10 Air Travel Tips for Dogs

Most professionals advise against flight travel for your dog, but sometimes it can’t be avoided. Find out what you need to know.

Dog running through grass
Your veterinarian can tell you if your dog is healthy enough to travel by airplane. By: CJ Anderson

How I travel depends on whether my dog is coming along. When I fly alone, obviously, there are no special considerations to worry about, but when the dog comes, prep work is a must.

Here are some things I do that make air travel with my dog a lot easier:

1. Call the Airline

This first step is crucial. Ask questions such as:

  • Where will your dog be on the plane, and is that area pressurized and climate controlled?
  • Are there height and weight limits for a dog to fly inside the cabin?
  • Are any breeds restricted or forbidden?
  • What are the fees? Does the dog need his own reservation or ticket if he’s flying inside the cabin?
  • Does the airline require paperwork?
  • Will travel insurance cover your dog?
  • What is the airline’s emergency procedure regarding pets?

2. Keep It Short

Try to avoid layovers whenever possible and look for short, direct flights in moderate weather. If your flight is delayed, ask an employee to check on your pet. For extended delays, you may be able to retrieve your dog until the new departure time is confirmed.

3. Visit the Vet

Have your dog’s health checked before any travel. Discuss sedation with your veterinarian and microchipping (if it’s not done already).

And here’s something exciting to know: You can get reimbursed for the cost of microchipping under Embrace Pet Insurance’s Wellness Rewards. Curious about the cost of pet health insurance? It’s more affordable than you probably think. Get your FREE, no-hassle quote here (affiliate link).

4. Check Your Dog’s Vaccination Records

Make sure vaccinations are current and get a copy of any records you may need once your vet confirms your dog is safe to travel. Keep 3 copies for travel: 1 each for you, the crate and the airline personnel.

5. Know Where You’re Going

Ask about check-in and pickup procedures and where the areas are located. Most airline websites show the layout of the facility and the individual airlines. If you don’t know where to drop off or pick up your pet, ask the airline and arrive early.

6. Check the Crate

Make sure your dog crate is clean, safe, secure and large enough for your dog to stand up in and turn around. Close the crate door to secure it, but do not lock — airline personnel may need to open the door in the event of an emergency.

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Include a favorite toy or item of yours so the dog will have familiar smells and feel safe. Line the bottom of the crate with puppy pads for accidents and cover them with a blanket or old shirt. Include an extra leash and snacks, and attach food dishes and water bottles if possible.

If you are traveling during or through extreme heat or humidity, freeze a container that is 2/3 full of water and place it in the crate before boarding.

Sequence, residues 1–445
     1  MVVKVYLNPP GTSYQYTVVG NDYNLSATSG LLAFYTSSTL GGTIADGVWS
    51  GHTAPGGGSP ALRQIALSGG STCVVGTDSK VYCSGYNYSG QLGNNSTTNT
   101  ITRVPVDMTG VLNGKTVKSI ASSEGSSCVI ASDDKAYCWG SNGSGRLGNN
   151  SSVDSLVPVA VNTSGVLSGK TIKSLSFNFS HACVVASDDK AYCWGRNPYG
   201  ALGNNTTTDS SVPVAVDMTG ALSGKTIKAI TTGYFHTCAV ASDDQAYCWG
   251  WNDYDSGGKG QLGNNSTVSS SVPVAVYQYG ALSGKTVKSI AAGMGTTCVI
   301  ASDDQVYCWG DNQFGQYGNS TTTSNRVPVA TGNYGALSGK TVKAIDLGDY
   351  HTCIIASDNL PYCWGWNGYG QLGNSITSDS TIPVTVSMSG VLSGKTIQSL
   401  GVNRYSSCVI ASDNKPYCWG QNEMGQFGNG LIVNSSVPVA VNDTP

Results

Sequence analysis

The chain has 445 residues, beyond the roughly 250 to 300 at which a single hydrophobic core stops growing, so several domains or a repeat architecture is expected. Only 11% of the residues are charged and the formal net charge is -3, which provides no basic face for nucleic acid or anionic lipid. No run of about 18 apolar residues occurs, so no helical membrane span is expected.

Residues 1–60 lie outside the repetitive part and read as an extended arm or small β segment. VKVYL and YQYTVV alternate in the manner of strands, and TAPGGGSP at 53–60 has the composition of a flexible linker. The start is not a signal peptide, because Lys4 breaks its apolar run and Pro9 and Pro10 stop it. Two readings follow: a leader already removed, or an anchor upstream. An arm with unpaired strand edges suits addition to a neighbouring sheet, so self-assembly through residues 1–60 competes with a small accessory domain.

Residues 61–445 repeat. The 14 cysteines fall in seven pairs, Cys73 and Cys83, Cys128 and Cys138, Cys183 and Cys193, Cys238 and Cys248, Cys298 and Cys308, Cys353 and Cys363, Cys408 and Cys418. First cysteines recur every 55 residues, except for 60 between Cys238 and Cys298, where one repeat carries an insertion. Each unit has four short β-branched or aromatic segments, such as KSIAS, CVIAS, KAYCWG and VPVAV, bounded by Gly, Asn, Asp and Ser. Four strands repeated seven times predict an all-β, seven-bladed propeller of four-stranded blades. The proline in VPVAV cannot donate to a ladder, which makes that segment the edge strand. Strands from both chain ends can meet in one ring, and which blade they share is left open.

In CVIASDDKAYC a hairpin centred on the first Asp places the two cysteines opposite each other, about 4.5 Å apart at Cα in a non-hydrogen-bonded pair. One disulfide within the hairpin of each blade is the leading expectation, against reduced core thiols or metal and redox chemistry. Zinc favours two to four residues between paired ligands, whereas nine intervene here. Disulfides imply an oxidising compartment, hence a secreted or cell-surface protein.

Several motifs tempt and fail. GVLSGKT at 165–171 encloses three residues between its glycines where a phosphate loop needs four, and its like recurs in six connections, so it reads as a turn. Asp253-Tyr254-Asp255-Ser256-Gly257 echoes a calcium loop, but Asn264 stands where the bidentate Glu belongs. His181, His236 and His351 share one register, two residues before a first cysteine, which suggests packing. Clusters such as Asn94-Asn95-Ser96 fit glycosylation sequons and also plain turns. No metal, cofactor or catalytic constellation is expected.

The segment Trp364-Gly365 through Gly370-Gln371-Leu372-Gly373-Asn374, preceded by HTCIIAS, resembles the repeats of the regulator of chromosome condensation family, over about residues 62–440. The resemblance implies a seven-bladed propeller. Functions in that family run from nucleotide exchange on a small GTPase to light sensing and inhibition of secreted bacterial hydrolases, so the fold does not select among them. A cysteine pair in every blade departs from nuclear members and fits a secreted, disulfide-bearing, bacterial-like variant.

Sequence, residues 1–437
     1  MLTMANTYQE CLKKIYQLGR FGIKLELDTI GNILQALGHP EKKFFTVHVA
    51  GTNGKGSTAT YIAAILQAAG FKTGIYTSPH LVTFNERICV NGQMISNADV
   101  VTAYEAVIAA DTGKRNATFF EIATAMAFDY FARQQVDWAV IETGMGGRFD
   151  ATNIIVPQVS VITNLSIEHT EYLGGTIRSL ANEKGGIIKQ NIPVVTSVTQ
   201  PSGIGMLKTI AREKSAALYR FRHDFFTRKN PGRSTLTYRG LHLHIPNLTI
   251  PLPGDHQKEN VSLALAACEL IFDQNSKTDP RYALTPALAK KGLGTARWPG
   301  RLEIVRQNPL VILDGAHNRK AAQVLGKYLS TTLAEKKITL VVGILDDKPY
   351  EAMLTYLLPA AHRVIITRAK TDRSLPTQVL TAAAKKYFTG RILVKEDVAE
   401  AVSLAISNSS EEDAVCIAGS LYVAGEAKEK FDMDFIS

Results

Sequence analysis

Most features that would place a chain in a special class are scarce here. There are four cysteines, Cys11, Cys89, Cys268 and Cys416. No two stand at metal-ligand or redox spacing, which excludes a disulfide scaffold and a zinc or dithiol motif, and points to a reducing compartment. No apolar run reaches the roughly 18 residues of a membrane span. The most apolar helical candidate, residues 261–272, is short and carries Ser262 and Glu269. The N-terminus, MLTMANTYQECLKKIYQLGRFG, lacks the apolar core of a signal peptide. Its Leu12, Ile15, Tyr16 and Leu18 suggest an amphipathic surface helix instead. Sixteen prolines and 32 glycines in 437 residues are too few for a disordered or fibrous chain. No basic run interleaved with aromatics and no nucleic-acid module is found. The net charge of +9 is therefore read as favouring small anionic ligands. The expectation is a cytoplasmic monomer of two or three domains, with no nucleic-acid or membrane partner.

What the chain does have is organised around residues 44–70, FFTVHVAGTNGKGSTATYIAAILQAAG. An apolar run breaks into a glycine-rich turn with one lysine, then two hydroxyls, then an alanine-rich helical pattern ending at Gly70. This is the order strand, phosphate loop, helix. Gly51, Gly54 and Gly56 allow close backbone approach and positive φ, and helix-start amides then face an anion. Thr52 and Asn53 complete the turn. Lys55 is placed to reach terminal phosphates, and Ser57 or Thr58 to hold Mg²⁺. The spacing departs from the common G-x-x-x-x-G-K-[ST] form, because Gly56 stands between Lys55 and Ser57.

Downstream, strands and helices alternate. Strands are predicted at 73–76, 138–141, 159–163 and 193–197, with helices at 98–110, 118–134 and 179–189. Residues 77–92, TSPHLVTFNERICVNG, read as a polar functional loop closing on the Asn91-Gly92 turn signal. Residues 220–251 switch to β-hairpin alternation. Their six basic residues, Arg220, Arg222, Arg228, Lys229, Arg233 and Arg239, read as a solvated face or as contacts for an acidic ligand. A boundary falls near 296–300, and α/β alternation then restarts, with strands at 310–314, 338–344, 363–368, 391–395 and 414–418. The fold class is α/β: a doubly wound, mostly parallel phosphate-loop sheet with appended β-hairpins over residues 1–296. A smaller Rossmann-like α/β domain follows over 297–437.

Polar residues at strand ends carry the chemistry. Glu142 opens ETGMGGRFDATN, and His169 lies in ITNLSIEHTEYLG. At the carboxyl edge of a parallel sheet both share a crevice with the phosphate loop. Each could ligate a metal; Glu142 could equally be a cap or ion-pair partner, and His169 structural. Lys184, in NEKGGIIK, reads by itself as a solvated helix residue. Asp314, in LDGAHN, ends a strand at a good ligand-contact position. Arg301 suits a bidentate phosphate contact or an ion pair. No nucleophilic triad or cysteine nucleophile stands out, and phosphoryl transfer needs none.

7. Examine Your Dog

Check for injuries, trim the nails and take a current photograph of your pet. Print at least three copies of the photograph in color to take with you (one for you, one for the crate and one for the airline).

8. Hydrate and Take Potty Breaks

Keep your pet well hydrated before flying and make extra time to take a potty break before entering the airport.

Watch this dog get a kick out of flying in a plane:

9. Make Time for Exercise

Your dog may be stressed and anxious on the day of departure — he’ll appreciate extra time for walks or play to blow off some steam.

10. Triple Everything

Remember — keep 3 copies of every document: vaccinations, photos of your pet, your itinerary and any tags or identifying documentation. Keep one with you, place another set in a waterproof bag secured to the crate and give yet another set to the airline personnel.

If you can make another copy of your documents and the dog’s photograph, give one to the airline crew when you board so they know you are traveling with an animal. This way, if your dog is lost or is in an emergency, you’ll have all the necessary information. The ASPCA also recommends writing “Live Animal” and an arrow to indicate which way the crate should be placed (right side up).

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Don’t leave these preparations for the last minute. Your vet might be on vacation, your crate might not be the right size or the airline might not accept your pet on the flight you plan to book.

If you need to transport your pet but don’t need to be present on the flight, Animal Airways is an animal-only flight carrier designed for your best friend. Preparing early can help you avoid headaches later.

Additional Resources

Kristine Lacoste

View posts by Kristine Lacoste
Kristine Lacoste, editor in chief of Petful, is an author, poet and pet lover from Louisiana. She is the author of the book One Unforgettable Journey, which was nominated for a Maxwell Award from the Dog Writers Association of America, and was host of a weekly pet news segment on the National K-9 Academy Radio Show. In addition, she was the New Orleans coordinator for Dogs on Deployment, a nonprofit that helps military members and their pets, for 3 years. Kristine has been researching and writing about pet behaviors and care for many years, with her articles appearing in various publications. She is the CEO of a large mental health practice in Louisiana and holds a bachelor’s degree in psychology, a bachelor’s degree in English and a Master of Business Administration degree.

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